Making Employee Town Hall Work

Organizations communicate with the employee through different modes of communication, including intranet, newsletter, message dashboards, soft boards, common mailer and Town halls.  All these modes have its own unique impact on the employee. Hence, they are chosen based on the result to be created. Executive communication has the maximum impact on the employees. This is done through CEO’s letter, Hotline, Podcast, etc. Greatest effect is created by the Town hall as it allows direct interaction between the CEO and the employees. This event is organized to address many employees at a single point of time. Ideally they are arranged based on durations and event based to communicate any particular message .

Types of Town hall

  • Durations based: Quarterly town halls are arranged to communicate with the employees. Leaders share the business results, current scenario within the company and make announcements. This is a mass meeting to ensure that the voices are heard both ways.
  • Event based: During an organizational change these efforts are made to address the common concern. Employee fears and concerns are noted by the line HR and managers. This is provided as a  feedback to the head of the organization, who in turn address all these concern with the facts and its implication during the townhall.

Challenges: The challenges in arranging these sessions lie in planning and implementing them.

  1. Planning: Often detailed plans for the program are launched yet last minute faux pas kills it all.  Covering the gaps and identifying the probable last minute slump, needs to be mitigated right in the beginning of planning, for the session. Though an equipment-rehearsal at the venue is essential, yet keeping a buffer for every requirement is the key.
  2. Speaker: The speaker selection is primary. Generally the speaker is organizational head, such a CEO or a Managing Director, who leads the business. But the twist comes in when the top leader is not completely comfortable addressing the session attended by such a large number of employees. Sometimes convincing them is a hard task. In such a situation connecting the leader with one of the best communicator to preside the session would be the solution.
  3. Content: Mostly, the mailers sent before the event, would share the details to be discussed during the session. Preparing the content with the probable question holds the key. Often, Townhall presentations are made from the presenter’s point of view, which defeats the process. Creating an impact through the pictures, video and recorded sounds would require to be moderated as per the audience. Finally delivering the content on the spot will depend on what needs to be communicated and how would it help the participants. Creating takeaways with empathy which can involve the participants, will mark the success to the session.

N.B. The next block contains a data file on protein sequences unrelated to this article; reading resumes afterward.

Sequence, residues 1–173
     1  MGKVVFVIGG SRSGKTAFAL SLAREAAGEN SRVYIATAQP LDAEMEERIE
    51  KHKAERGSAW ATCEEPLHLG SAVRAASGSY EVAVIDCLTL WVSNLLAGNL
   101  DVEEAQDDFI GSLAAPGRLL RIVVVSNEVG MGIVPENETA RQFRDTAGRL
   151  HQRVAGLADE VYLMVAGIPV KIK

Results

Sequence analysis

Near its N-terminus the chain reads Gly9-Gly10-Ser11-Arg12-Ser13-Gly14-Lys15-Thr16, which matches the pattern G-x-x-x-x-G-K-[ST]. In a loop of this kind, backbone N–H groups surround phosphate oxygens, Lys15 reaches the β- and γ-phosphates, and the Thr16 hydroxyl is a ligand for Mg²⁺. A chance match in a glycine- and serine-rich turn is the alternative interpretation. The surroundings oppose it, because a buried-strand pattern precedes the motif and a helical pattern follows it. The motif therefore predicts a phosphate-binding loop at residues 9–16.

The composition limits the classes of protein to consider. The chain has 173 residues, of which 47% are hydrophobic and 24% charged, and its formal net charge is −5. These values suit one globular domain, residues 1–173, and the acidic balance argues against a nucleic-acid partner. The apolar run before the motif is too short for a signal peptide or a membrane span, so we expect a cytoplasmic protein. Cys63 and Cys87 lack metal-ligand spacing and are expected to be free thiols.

4. Communication gap: Certain times the milieu set for the town hall may not synchronise with the general feeling. Such as, if there is a merger to be addressed in a Town hall, a celebration might be arranged to correspond with the achievement through acquisition. But this may overlook the employee concern over losing jobs through the process re-engineering. More importantly the employee wants to be heard in these sessions. Focus on the open house for question from the employees. Encouragement would work through a nurturing environment. Before the session by the main speaker, a rapport building can be introduced through a surprise event such as a guest speaker or a pleasing announcement.
  5. Employee participation: Generally the town halls are open for all the employees to participate. Divide the employees in groups to manage the participation. Ideally, each team from every department is clubbed together. It gets easier to manage the question from every group and answer them. It further ensures participation by all.
  6. Post Town hall follow-ups: The gist of the discussion should be sent to all the employees through a common mailer. It reinstates the communication made during the Town hall. Furthermore, the concern raised needs to be resolved as early as possible. This impacts the employee belief on the communication made by the leader. Most of the time, there are many concerns raised during the session. Some questions are answered, rest are to be taken at a later point of time. But no sooner the interest wears out and the concern is left unattended. It would affect the credibility leaving disgruntled employees with little faith on the speaker.

The Town hall will remain a communicative medium as the organizations will gain from the live interactions. The success of one session, will build on to the expectation of the next session. The momentum will help building employee satisfaction resulting in higher productivity.

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